Of course, sometimes the outright fiction of a nature film becomes undeniable. Consider the infamous White Wilderness (1958), a film presenting Arctic wildlife that was part of the Walt Disney True Life Adventures series. As critic Chris Palmer recounts in Shooting in the Wild, the film’s most dramatic scene is its depiction of lemming mass suicide. Disney shows a surge of thousands of rodents running along seaside cliffs and hurling themselves into the ocean before swimming out to sea to drown. It emerged 25 years later that this scene hadn’t just been edited together but was a sham—cameramen off-screen had herded and hurled dozens of lemmings into the sea to fabricate drama. This wasn’t trying to re-create real wild behavior: it was invention of a mythical event. (And yet, as Palmer points out, White Wilderness had the audacity to start the film with a statement averring: “the hand of man had no influence in what you are about to see.”)
White Wilderness’s filmmakers knew that what audiences crave most is a good story. A real “true life” nature film for most animals would consist only of sleeping and eating. And other wildlife filmmakers already had a long tradition of creating drama by framing rare events as though they were everyday occurrences and by juxtaposing these events in rapid succession—turning nature into an action-packed narrative. So why not go all the way and simply use wild animals as mere pawns in fictional narratives?
In the ensuing decades, most (but not all) nature films have not tested the limits of “truthiness” to quite such an extreme degree. But negotiating the tension between presenting things that are “real” versus those that are “exciting” has remained the core dilemma for all wildlife filmmakers. It is a dilemma, though, only so long as filmmakers want to maintain the pretense they are presenting you nature as it is found in the wild.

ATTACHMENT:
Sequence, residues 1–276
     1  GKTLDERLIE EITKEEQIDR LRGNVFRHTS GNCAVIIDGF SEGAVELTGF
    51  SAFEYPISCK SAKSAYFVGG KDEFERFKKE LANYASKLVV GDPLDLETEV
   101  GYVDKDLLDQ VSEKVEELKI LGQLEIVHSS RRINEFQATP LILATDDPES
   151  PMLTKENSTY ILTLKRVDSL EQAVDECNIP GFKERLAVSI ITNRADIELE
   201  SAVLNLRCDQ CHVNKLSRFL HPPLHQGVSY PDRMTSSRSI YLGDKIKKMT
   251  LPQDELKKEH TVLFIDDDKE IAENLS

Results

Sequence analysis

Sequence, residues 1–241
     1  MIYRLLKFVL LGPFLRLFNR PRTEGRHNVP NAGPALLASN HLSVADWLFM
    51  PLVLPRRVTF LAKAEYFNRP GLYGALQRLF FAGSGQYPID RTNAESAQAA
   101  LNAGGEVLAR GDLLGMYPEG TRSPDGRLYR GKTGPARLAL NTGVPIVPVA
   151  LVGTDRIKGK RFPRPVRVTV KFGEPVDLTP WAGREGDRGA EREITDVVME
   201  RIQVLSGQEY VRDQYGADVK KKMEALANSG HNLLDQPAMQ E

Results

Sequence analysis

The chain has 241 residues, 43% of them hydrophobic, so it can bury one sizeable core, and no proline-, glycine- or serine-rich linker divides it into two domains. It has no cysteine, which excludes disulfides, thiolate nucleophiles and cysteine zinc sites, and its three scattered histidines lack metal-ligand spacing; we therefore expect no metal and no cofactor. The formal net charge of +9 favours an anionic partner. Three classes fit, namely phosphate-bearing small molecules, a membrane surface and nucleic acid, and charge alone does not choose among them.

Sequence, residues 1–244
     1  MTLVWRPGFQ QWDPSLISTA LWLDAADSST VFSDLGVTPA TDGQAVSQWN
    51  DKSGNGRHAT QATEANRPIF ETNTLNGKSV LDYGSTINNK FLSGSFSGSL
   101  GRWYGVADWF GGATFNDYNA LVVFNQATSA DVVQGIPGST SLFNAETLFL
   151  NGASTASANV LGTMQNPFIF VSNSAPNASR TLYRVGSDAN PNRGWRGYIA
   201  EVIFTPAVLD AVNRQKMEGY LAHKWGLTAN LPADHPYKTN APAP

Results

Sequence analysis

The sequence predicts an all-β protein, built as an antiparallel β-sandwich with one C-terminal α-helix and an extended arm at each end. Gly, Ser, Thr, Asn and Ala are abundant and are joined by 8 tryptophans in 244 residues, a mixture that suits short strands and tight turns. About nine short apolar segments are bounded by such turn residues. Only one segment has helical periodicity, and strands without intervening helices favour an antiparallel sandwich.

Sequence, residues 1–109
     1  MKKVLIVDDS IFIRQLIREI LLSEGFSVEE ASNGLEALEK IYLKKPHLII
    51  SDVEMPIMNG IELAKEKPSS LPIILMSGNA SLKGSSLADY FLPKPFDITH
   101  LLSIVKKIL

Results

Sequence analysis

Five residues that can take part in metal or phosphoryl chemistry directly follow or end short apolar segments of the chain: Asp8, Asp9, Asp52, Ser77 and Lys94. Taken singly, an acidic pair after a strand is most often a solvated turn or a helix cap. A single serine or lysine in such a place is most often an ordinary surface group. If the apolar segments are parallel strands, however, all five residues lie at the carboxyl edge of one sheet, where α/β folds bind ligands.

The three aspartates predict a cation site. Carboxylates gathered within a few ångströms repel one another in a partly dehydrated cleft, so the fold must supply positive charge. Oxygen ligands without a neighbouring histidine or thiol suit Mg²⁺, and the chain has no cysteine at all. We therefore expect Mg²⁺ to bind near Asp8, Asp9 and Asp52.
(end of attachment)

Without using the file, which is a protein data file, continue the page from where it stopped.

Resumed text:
Perrin’s and Cluzaud’s films have tried to cut through this Gordian Knot, however, by simply foregrounding the artificiality of that pretense.
For example, in Microcosmos, produced by Perrin, two snails copulate in a slow motion tableau filmed against a black backdrop. This is staged nature, manipulated to create optimal filming conditions. Rather than try to hide the directors’ intervention in the scene, the filmmakers emphasize it by setting most of the scene to a highly romantic aria without any natural sound, reinforcing the fact that they have cast snails as characters rather than trying to show them merely as they are. The filmmakers want you to focus not on the scientific facts of snail life (indeed, they present none) but on their aesthetics of form and motion. In this way, Microcosmos embraces its own “truthiness” and bypasses debates about authenticity: it presents the “artistic truth” of nature even as it unabashedly presents highly staged nature.
Similarly, in Winged Migration, co-directed by Perrin and Cluzaud, the camera captures the extreme physical exertion of migrating birds, soaring alongside geese, cranes, and pelicans high above the landscape. Yet rather than hide the techniques behind the jaw-dropping cinematography, the film’s closing credits reveal that more than 70 human trainers worked its “Breeding and Training Centers” and more than 40 people worked on “Digital Effects” and “Special Effects.” Despite a film opening that assures that “No Special Effects Were Used In Filming the Birds,” filmmakers both raised and habituated bird flocks to follow light aircraft, so that scenes of avian navigation largely reflected the decisions of the filmmakers and not the birds themselves.
As with Microcosmos, because the filmmakers choose to make the artistic motion of flight their focus rather than any scientific information about migration, any shattering of illusions viewers may have had about the film’s reality ultimately doesn’t detract from it still feeling “truth-y.”
Perrin and Cluzaud’s Truth-y Vision in Seasons